It’s been a while, but this week sees anther Men on a Mission sendup, as Archer, Cyril and Ray head to “Turkmenistan” and get horribly sidetracked thanks to a sand dune and a snake bite… The results are a mash up of in-the-field action and an origin-expanding head trip for our main ISIS Agent.
“Once Bitten” drops us in the midst of the action, as Sterling, Cyril and Ray are stuck in a sand dune in the deserts of Turkmenistan, the fictitious worst place on Earth. Their assignment was to find the warrior king of this shithole, and pay him off to impede an oil drilling endeavor that would benefit the Russians, on behalf of one of ISIS’ shadier clients. But the plans are awry from the start, and only get worse as Sterling gets bitten by a venomous snake while taking a dump.
As Sterling quickly succumbs to the snake’s poison, he hallucinates a scenario where he and the ghost of James Mason (a returning Peter Serafinowicz) go on a Christmas Carol-style guided tour of his past, revealing some shocking new evidence as to why Sterling is the way he is. Apparently, back in college while he was still on track to become a world famous lacrosse player (yep, such a thing does exist), he was stalked and ultimately shot by a beautiful yet psychotic fan girl. The resulting gut shot ruined his sports dreams, and set up another layer of his problems with trust, especially with women.
Of course, Sterling isn’t the only one with some major gender issues– Lana is stuck at ISIS during this mission, since the backward, mysoginistic attitudes in Turkmenistan prevent her from being in the field. When she discovers the sinister intentions of the mission, she’s once again displeased to see ISIS on the wrong side of human decency, but there’s little she can do about it from the office in New York. But she’s even more upset by her co-workers’ insistence that she’s too heavy on her feet. Both conflicts lead to Lana being shut out of the mission entirely, so she’s left to simply clomp around the office for the week.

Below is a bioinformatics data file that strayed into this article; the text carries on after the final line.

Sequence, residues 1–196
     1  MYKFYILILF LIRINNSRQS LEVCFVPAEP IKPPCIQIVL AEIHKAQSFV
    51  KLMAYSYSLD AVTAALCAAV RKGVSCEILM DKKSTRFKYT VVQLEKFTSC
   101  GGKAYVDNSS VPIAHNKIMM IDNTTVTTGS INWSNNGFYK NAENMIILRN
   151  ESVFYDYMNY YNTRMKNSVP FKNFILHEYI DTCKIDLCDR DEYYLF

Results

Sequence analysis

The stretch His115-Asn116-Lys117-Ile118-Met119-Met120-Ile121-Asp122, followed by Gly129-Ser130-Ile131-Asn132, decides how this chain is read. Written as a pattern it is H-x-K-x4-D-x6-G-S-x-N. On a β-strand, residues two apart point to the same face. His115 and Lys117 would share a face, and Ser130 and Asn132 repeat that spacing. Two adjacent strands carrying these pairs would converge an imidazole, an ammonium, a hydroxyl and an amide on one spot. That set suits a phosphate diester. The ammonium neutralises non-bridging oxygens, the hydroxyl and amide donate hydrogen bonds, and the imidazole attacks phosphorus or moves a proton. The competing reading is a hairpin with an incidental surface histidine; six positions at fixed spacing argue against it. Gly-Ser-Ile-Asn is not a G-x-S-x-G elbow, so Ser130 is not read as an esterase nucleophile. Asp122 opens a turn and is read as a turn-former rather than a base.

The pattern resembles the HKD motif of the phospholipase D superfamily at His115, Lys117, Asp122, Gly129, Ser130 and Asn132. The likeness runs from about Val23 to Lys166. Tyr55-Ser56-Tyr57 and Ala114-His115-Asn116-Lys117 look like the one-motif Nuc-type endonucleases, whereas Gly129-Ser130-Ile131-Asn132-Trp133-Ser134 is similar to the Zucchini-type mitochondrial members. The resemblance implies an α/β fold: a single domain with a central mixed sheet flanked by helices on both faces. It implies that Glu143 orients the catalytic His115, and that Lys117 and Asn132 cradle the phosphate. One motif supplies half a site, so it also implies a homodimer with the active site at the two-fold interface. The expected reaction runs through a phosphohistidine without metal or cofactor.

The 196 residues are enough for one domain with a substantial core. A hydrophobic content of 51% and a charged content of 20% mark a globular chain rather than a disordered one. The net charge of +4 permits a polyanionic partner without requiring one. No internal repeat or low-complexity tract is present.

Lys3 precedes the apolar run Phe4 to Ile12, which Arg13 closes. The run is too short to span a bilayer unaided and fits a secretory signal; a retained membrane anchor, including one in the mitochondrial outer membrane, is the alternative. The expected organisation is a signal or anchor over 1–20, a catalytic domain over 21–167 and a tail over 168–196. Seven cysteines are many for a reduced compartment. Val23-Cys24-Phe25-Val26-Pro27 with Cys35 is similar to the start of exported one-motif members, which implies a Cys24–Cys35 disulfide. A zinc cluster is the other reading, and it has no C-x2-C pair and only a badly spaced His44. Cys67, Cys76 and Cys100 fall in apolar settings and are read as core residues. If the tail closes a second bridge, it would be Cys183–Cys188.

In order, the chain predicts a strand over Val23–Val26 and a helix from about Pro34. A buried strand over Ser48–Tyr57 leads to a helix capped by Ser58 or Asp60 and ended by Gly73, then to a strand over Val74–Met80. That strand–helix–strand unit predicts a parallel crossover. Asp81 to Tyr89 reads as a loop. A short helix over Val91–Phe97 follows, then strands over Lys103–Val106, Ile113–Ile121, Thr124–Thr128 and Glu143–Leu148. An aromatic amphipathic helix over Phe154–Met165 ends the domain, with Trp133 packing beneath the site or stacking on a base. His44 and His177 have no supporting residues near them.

While Sterling sinks further into hallucinatory revelations, Cyril saves the day after Ray frees the jeep and throws his back out (despite his super-human mechanical legs, he lifted with his normal-human back), and the trio is on the road to get help for Archer… until they crash into a camel and get captured by the tribe in charge of Turkmenistan.
The agents are taken to the main headquarters (tent) of the nation’s rulers, and Ray and Cyril desperately attempt to communicate Archer’s snake bite. This leads to the best laugh-out-loud bit I’ve seen in a long time– see, the simple and vain ruler of the crappy nation is so egotistical, he has a habit of changing words in their language on a whim. As such, the words for “bread,” “Fridays,” and “snake” are all the same as his dog’s name, “Gerpgork.” Cyril’s attempt at drawing a crude snake make the Turkmenistanians think he wants a loaf of bread with eyes on it (which they happily provide)… but thankfully Ray’s superior artistic skills get the point across and the thugs offer antivenom, in exchange for $25,000 of the $90,000 the ISIS agents are still carrying. I loved Ray’s nonchalance about giving them the money, whispering to Cyril that the two agents will simply split and pocket the remaining cash. It’s not that Ray is completely dishonest, but he’s a smart enough agent to know how to play the game, and getting former Comptroller Cyril on board to embezzle while they’re both hip-deep in danger was excellent.
So Sterling is saved, and in the meantime completed his journey of self discovery… including who his real father was. But now that he’s back to the world of the living, he totally forgets what he saw before he can reveal the name. I’m pretty confident the “Who is Archer’s father” thing will actually have a conclusion, as all the false leads seem to bring the agent a little closer to the truth. This gag felt like a true tease, and I’d be disappointed, except I trust that Adam Reed and his team know what they’re doing with the story thread.
“Once Bitten” was a solid episode of the series, with a very funny field mission, especially once the thuggish Turkmenistans show up. There were plenty of character moments for Sterling, as his head trip peeled back many new layers of the narcissistic hero, and even though nothing really got resolved, it felt like these new discoveries still moved the overall development of Archer as a character forward in a big way.